In the world of fancy colour diamonds, red, blue, pink and yellow are preferred choices for investment, while green, purple, violet and orange are colours for collectors
Cut is the attribute that most affects a diamond’s beauty, but colour is the second. The most intensely coloured diamonds are in a class of their own. Known as fancy colour diamonds, they are appreciated for the presence of colour rather than its absence, as is the case for white or colourless diamonds.
Green is increasingly popular among fancy colour diamonds, while colourlessness is the most desirable white diamond.
The Gemological Institute of America identifies 27 hues, and awards stones with the grade of fancy light, fancy, fancy intense, fancy deep, fancy vivid or fancy dark. These denote the tone and saturation of a colour diamond.
Fancy vivid tends to be the most desirable, and is an ideal investment stone.
The other three Cs remain important. Clarity, cut and carat weight all affect value, but to a lesser extent than colour in fancy colour diamonds.
Demand for pink
The Argyle mines, the main producers of quality fancy pinks, face exhaustion and are set to close by 2020. Demand and prices are expected to surge once the supply is cut off.
Rio Tinto, which runs the Argyle mine, saw prices of its annual diamond tender triple from 2000 to 2015, increasing by an average of 15 per cent per year and reaching more than US$1 million per carat.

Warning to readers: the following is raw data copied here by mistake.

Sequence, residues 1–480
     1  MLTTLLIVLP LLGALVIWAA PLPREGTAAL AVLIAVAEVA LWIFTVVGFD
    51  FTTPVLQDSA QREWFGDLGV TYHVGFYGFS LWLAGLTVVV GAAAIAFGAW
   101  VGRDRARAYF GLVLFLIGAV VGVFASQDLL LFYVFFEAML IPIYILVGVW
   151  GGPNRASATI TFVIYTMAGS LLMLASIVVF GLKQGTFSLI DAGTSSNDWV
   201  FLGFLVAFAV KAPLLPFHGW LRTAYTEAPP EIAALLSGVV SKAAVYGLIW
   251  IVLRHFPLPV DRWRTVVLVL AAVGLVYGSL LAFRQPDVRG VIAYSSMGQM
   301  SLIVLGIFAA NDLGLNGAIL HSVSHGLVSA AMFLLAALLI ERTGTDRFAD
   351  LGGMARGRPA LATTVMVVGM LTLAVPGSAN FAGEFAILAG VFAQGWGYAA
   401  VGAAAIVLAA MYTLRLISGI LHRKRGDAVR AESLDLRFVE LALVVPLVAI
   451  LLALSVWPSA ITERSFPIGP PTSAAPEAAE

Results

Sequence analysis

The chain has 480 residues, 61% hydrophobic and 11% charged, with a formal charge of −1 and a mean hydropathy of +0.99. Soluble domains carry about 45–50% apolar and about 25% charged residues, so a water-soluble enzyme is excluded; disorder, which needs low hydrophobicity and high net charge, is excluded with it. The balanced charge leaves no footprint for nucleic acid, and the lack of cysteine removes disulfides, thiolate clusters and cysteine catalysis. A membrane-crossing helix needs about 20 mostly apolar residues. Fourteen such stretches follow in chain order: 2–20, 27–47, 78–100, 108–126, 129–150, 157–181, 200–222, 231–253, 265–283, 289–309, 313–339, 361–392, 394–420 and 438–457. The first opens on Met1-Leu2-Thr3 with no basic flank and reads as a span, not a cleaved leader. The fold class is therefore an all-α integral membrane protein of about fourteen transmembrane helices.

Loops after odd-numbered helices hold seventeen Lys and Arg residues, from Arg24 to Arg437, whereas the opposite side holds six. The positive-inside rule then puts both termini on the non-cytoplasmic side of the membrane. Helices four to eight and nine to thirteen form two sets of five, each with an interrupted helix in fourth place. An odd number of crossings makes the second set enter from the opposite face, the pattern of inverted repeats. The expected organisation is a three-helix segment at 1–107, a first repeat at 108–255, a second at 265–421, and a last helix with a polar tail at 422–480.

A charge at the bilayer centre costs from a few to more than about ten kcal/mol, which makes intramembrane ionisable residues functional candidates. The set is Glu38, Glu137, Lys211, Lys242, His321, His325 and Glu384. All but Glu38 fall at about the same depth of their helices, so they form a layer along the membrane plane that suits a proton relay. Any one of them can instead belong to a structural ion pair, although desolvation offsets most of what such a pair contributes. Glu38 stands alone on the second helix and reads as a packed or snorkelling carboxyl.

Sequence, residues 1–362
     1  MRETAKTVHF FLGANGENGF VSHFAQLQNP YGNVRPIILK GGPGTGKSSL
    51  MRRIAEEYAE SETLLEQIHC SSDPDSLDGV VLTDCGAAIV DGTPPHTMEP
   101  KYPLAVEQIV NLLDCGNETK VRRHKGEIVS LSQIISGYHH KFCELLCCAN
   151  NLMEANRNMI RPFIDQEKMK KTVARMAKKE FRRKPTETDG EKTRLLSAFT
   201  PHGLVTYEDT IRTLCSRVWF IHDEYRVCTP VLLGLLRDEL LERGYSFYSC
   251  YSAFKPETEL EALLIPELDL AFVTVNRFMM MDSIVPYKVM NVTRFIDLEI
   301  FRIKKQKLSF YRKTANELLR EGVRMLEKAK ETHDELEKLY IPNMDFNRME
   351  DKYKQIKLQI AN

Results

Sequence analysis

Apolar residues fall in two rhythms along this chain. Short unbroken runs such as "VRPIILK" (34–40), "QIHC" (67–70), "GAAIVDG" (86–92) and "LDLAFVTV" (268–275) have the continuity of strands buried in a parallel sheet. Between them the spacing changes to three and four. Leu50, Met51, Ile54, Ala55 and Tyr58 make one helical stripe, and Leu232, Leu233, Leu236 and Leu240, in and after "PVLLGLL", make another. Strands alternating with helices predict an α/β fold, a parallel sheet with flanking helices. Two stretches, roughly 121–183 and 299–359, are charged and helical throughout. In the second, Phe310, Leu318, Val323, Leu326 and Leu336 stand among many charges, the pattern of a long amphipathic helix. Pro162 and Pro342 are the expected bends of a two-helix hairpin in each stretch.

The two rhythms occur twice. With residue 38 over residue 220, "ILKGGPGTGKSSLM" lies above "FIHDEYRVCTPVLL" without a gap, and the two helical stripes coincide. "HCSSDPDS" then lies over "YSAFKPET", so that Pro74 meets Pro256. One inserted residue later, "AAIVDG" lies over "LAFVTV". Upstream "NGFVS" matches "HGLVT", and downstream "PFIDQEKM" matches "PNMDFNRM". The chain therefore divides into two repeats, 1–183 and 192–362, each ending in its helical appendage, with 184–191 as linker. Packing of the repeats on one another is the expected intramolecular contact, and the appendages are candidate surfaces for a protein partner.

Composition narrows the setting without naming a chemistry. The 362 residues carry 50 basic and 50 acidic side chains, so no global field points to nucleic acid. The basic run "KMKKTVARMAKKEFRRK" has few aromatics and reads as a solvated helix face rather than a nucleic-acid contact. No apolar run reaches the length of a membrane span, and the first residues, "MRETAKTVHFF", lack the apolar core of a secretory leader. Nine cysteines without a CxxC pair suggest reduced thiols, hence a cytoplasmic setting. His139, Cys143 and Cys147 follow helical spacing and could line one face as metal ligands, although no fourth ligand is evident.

Last April, the record for the most expensive diamond sold at auction was set by the Pink Star, a 59.6ct internally flawless vivid pink. It was bought by Hong Kong jewellery retailer Chow Tai Fook for US$71.2 million and renamed the CTF Pink.
Rio Tinto’s tender this year is open for bidding, and includes a 3.14ct emerald-cut fancy vivid purplish pink christened the Argyle Alpha. It is the largest pink diamond in the tender’s 34-year history.
Investment or collector’s item?
According to the Diamond Investment & Intelligence Centre, red, blue, pink and yellow are colours for investment, whereas green, purple, violet and orange are colours for collectors. Although all fancy coloured diamonds are rare, that alone does not make them a good investment.
Green diamonds are rarer than blue ones, and second only to red diamonds. But finding a buyer may be more difficult, as demand is lower and potential buyers may not be willing to pay as much for a green diamond.
Growing appetite for green
Some investors are revisiting the idea of green being more of a collector’s colour. Lower prices for green diamonds may give a chance to buy low and sell high.
The price of greens has been rising. In 2014, the sale of the 5.51ct fancy deep blue-green Ocean Dream by Christie’s fetched US$1.56 million per carat. Most recently, Chow Tai Fook bought the 5.03ct Aurora Green for US$3.3 million per carat at Christie’s in 2016.
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